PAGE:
Basic UNIX Commands
Some selected UNIX commands.
The command cd my_dir changes your position to the directory specified, in this case my_dir. The command cd without an argument moves you to your home directory.
The command cp first_file copy_file copies the contents of first_file into the file copy_file. To indicate that the new file is to have the same name as first_file, use a period (.) instead of of providing a name for the second file. (In this case, the files must be in separate directories, as two files cannot have the same name if they are in the same directory.) For example: cp some_directory/my_file . copies my_file, located in some_directory, and creates a file named my_file in the current working directory.
The command ls lists the files in the current directory. The form ls -F shows the difference between directories and ordinary files. The form ls -a lists all files, even those that are normally invisible in UNIX (files whose names start with a period, i.e. .xstartup).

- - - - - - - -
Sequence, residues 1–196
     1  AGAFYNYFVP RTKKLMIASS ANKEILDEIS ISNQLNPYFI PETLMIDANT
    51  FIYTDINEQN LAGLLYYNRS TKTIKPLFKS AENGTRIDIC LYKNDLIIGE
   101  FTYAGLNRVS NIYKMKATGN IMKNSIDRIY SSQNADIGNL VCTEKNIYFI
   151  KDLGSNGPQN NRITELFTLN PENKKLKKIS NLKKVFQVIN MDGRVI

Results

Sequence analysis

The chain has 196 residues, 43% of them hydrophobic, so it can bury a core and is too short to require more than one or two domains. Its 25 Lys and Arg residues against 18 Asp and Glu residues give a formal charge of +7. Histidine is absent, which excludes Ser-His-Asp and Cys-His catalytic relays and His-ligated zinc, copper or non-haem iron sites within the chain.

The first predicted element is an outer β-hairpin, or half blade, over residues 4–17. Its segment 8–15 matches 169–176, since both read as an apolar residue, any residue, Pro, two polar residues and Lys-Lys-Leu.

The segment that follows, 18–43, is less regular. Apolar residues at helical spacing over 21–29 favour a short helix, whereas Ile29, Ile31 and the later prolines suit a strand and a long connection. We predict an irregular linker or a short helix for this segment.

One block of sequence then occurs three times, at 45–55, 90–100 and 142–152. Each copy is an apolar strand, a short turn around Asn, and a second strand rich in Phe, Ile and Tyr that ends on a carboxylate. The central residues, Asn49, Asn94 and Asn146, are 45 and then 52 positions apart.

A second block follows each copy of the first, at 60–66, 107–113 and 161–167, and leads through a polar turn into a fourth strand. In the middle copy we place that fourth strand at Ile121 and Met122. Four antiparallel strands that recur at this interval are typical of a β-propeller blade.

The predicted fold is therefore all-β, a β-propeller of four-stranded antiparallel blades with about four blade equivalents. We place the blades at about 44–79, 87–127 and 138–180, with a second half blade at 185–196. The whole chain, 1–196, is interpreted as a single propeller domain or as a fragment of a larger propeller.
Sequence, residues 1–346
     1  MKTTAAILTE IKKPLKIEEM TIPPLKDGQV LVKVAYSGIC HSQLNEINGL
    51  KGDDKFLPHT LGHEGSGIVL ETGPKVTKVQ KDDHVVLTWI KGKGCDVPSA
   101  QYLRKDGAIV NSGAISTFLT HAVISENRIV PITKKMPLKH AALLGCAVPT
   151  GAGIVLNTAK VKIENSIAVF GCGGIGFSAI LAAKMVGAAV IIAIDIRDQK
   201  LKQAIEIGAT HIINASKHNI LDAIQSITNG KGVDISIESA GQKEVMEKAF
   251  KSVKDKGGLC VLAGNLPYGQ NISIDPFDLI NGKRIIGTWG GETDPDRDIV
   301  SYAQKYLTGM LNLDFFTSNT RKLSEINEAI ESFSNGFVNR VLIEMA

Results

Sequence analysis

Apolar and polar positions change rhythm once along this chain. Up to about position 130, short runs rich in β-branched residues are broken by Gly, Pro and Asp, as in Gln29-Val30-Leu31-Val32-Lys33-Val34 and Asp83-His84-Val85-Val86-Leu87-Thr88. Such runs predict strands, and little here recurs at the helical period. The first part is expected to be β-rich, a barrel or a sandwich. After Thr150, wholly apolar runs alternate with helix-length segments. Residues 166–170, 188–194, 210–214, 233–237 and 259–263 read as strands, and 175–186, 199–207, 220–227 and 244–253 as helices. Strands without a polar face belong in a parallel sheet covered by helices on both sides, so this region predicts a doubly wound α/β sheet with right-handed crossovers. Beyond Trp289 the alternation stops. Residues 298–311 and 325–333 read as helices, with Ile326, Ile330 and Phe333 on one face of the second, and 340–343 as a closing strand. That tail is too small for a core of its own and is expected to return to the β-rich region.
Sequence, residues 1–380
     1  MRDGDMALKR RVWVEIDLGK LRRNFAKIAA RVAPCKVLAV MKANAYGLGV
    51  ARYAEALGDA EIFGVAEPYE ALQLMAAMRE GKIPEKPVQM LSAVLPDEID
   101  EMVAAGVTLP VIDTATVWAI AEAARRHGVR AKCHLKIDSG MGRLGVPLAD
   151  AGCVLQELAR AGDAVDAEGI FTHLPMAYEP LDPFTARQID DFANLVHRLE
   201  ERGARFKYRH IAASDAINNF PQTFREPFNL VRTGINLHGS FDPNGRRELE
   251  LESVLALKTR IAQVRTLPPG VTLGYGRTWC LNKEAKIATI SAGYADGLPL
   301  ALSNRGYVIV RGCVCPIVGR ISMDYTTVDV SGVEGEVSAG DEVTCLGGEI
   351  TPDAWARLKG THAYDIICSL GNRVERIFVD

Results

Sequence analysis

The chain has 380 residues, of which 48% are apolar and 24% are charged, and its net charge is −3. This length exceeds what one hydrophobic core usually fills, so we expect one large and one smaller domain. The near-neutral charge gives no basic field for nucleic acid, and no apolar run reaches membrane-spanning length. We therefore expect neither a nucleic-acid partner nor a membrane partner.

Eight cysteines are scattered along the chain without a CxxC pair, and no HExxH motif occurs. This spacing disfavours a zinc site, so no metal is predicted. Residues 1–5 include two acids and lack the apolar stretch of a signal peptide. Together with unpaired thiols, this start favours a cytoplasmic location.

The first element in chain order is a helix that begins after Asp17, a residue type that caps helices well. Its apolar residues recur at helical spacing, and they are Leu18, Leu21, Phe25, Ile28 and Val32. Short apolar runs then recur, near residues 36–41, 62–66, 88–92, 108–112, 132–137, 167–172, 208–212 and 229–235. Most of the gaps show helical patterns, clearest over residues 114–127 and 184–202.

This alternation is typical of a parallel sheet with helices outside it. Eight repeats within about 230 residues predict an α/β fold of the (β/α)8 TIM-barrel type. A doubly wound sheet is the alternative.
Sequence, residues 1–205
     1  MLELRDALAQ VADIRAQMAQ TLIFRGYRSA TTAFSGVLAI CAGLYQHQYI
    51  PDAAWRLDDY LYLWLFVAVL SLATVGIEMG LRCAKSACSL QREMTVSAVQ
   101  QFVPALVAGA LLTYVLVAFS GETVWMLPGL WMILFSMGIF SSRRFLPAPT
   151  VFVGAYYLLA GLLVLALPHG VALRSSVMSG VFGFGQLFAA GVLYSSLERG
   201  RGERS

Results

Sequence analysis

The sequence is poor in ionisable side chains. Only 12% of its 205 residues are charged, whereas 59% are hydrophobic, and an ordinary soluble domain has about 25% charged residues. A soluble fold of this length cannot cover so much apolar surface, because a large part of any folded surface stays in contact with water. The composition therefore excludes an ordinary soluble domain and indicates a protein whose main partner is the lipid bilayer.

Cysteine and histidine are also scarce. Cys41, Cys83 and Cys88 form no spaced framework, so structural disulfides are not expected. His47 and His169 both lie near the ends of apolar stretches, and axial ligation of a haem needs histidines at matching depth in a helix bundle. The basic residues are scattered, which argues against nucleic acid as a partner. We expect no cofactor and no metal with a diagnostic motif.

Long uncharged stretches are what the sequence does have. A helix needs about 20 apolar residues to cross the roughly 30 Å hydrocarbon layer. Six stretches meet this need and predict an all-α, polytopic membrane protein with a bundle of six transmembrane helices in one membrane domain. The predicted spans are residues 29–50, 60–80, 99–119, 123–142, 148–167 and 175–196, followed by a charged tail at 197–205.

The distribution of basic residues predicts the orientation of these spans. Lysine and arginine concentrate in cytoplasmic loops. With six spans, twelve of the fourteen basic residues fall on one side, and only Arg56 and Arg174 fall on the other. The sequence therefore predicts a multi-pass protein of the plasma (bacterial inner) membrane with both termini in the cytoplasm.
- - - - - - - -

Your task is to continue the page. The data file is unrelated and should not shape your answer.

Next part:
The command mkdir new_dir creates a new subdirectory named new_dir in the current directory.
The command more my_file displays the text of my_file one page at a time. To see the next page, hit the space bar; to see the previous page, type b; to quit paging the file, type q.
The command mv file_name dir_name moves the file file_name from the current directory into the directory dir_name, where dir_name is a subdirectory of the current directory. The form mv old_file new_file renames old_file and calls it new_file.
The command pwd prints the pathname of the current, or working, directory.
The command rm my_file deletes my_file. The form rm -i my_file asks if you really want to remove the file my_file before it proceeds.
The command rmdir my_dir removes the directory my_dir. The directory must be empty before it can be deleted.